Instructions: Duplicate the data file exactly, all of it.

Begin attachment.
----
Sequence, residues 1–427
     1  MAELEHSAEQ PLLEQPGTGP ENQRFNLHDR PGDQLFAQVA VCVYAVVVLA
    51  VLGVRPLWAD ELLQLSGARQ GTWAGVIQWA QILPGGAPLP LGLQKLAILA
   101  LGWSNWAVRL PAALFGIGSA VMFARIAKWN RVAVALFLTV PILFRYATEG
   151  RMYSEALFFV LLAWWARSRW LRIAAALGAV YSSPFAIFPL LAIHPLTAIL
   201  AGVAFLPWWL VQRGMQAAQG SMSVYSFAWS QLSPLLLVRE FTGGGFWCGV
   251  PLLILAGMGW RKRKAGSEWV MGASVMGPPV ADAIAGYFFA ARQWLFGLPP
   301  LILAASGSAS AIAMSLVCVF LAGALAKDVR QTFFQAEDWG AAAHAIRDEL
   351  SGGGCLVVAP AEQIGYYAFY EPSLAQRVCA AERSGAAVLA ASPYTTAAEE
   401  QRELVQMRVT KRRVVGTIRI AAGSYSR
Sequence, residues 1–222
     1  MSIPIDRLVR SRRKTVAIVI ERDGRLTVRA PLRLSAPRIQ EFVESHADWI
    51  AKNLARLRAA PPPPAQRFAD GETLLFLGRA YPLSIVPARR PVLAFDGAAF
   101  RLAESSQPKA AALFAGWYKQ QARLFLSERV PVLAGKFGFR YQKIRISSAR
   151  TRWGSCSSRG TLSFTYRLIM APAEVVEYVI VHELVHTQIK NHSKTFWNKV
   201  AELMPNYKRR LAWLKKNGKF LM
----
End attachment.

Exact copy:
Sequence, residues 1–427
     1  MAELEHSAEQ PLLEQPGTGP ENQRFNLHDR PGDQLFAQVA VCVYAVVVLA
    51  VLGVRPLWAD ELLQLSGARQ GTWAGVIQWA QILPGGAPLP LGLQKLAILA
   101  LGWSNWAVRL PAALFGIGSA VMFARIAKWN RVAVALFLTV PILFRYATEG
   151  RMYSEALFFV LLAWWARSRW LRIAAALGAV YSSPFAIFPL LAIHPLTAIL
   201  AGVAFLPWWL VQRGMQAAQG SMSVYSFAWS QLSPLLLVRE FTGGGFWCGV
   251  PLLILAGMGW RKRKAGSEWV MGASVMGPPV ADAIAGYFFA ARQWLFGLPP
   301  LILAASGSAS AIAMSLVCVF LAGALAKDVR QTFFQAEDWG AAAHAIRDEL
   351  SGGGCLVVAP AEQIGYYAFY EPSLAQRVCA AERSGAAVLA ASPYTTAAEE
   401  QRELVQMRVT KRRVVGTIRI AAGSYSR
Sequence, residues 1–222
     1  MSIPIDRLVR SRRKTVAIVI ERDGRLTVRA PLRLSAPRIQ EFVESHADWI
    51  AKNLARLRAA PPPPAQRFAD GETLLFLGRA YPLSIVPARR PVLAFDGAAF
   101  RLAESSQPKA AALFAGWYKQ QARLFLSERV PVLAGKFGFR YQKIRISSAR
   151  TRWGSCSSRG TLSFTYRLIM APAEVVEYVI VHELVHTQIK NHSKTFWNKV
   201  AELMPNYKRR LAWLKKNGKF LM